Technology makes the process of creating assessments and collecting the information much more simple and a much faster turn around. Here are a couple of suggestions to get you started. 

Create a Question in DyKnow
This is a cloud-based management system the district has purchased for our teachers this year.  A favorite feature of mine is the ability to push out a quick question to all my students in that class and have immediate feedback for each student. There is no threat to the students honestly answering the question as it displays in a graph for the teacher and students to see. However, the teacher does have the option to view each student’s answer by clicking into the question and seeing who may need a few extra minutes to clear up any misconceptions.

Using Yo Teach! in Math
Using Yo Teach! in MathI was a bit bummed out when Today’s Meet went away. It was a great tool I used in the classroom to facilitate conversations and allow students to check their understanding of the material we were discussing. Yo Teach! allows for this same interaction but also has a “whiteboard” feature allowing students to draw, write, take an image or type a response. As a teacher, it is very simple to use. Create your class by going to the site and naming your room - You are done! Simply send the URL to your students and after entering their name they are in the room and can add comments. I do want to mention a couple of other features that as an educator you may want to utilize with this website. As you are creating the room, you can click a couple more buttons to “avoid search” - making the room unsearchable. You can even choose to require a password to get into the room keeping it private to only your students. The last feature if the Enable Admin, you can delete rooms, mute students and messages, view student participating and such.

Example of Google FormThis Google Suite feature allows you to create a survey and collect information on a spreadsheet. The results are also captured in a graph for the visual learner who wants a quick view of the class as a whole. Google has some surveys already created and you can modify to your needs. Or, it is pretty simple to create a form from a blank space.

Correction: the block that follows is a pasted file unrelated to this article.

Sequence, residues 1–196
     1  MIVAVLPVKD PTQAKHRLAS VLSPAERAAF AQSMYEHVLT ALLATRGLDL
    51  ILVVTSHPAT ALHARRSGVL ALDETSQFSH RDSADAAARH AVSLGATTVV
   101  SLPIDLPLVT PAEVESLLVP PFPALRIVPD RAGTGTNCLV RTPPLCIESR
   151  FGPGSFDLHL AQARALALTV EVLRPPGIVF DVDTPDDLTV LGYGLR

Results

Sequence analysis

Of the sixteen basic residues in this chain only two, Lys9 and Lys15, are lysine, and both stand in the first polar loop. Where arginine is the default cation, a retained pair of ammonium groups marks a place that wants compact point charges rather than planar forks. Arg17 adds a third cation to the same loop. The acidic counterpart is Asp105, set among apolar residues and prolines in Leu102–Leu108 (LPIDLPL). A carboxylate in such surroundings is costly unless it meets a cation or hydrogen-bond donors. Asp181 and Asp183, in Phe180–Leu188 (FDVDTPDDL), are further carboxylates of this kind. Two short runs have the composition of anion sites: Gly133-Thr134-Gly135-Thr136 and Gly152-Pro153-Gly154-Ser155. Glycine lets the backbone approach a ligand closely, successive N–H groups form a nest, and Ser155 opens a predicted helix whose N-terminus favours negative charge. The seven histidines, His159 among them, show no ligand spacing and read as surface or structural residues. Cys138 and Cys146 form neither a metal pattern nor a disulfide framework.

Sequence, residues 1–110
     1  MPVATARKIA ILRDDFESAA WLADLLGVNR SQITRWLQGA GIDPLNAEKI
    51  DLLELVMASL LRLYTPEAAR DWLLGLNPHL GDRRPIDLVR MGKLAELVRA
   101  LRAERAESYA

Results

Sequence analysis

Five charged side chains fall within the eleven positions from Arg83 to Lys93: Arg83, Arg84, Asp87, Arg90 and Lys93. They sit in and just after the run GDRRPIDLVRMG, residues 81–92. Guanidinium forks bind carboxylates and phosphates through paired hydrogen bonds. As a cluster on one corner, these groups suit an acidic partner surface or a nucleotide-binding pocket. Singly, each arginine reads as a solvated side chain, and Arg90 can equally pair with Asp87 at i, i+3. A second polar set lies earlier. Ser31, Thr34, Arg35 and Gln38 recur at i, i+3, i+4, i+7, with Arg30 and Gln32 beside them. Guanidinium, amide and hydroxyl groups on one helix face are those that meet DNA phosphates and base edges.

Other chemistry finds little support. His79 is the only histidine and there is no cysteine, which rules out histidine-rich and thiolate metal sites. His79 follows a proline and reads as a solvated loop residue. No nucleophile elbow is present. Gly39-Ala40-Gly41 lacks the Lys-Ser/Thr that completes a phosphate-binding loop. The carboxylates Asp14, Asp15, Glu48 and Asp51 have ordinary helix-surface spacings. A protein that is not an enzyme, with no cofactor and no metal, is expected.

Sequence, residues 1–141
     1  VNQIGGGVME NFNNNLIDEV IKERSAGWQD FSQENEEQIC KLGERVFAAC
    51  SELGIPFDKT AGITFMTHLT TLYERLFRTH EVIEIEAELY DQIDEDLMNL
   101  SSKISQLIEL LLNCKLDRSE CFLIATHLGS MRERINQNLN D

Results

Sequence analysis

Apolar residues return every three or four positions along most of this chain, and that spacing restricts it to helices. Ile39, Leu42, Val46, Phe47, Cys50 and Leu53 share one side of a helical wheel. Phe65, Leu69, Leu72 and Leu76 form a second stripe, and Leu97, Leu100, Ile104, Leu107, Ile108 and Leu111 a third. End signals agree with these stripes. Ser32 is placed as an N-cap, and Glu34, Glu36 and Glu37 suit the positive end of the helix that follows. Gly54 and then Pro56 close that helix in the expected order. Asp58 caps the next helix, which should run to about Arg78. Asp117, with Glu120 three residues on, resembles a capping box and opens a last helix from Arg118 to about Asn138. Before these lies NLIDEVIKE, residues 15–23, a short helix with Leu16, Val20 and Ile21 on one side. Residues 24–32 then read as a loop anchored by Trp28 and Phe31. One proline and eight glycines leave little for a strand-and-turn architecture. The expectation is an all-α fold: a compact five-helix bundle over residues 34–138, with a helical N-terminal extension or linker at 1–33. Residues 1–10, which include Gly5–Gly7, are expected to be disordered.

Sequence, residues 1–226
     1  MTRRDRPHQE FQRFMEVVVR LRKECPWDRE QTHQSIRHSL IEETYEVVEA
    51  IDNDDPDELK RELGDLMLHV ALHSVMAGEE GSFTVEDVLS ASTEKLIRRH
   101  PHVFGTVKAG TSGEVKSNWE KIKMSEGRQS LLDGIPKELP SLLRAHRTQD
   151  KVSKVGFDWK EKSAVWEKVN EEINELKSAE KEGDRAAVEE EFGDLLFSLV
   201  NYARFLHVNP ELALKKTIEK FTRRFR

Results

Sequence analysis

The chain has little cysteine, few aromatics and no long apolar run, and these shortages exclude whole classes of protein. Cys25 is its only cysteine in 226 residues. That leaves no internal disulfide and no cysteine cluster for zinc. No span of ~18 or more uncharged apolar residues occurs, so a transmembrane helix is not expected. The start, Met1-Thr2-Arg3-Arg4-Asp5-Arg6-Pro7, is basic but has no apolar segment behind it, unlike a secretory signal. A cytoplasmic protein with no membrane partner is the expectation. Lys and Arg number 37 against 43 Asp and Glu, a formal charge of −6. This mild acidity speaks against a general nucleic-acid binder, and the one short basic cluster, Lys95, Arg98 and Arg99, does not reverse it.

Using Lino in the classroomLino This digital corkboard allows students to leave “Sticky notes” of their thoughts, understanding, and questions they have in regards to the content. They can also add images or video to the corkboard allowing for some choice in how they want to demonstrate what they have learned.

So, what are some types of questions you would want to focus on? I leave you with this list of suggested ideas, but know that you can develop some great ideas based on your grade level and content. Content related knowledge and skills; prior knowledge, recall and understanding, analysis and critical thinking skills synthesis and creative thinking skills, problem-solving skills, application and performance skills. Student attitudes and self-awareness; students’ awareness of their own values and attitudes, students’ awareness of their own learning processes, and content-related learning study skills awareness. Student reactions to instruction methods; student and peer reactions to teachers, and teaching class activities, assignments and materials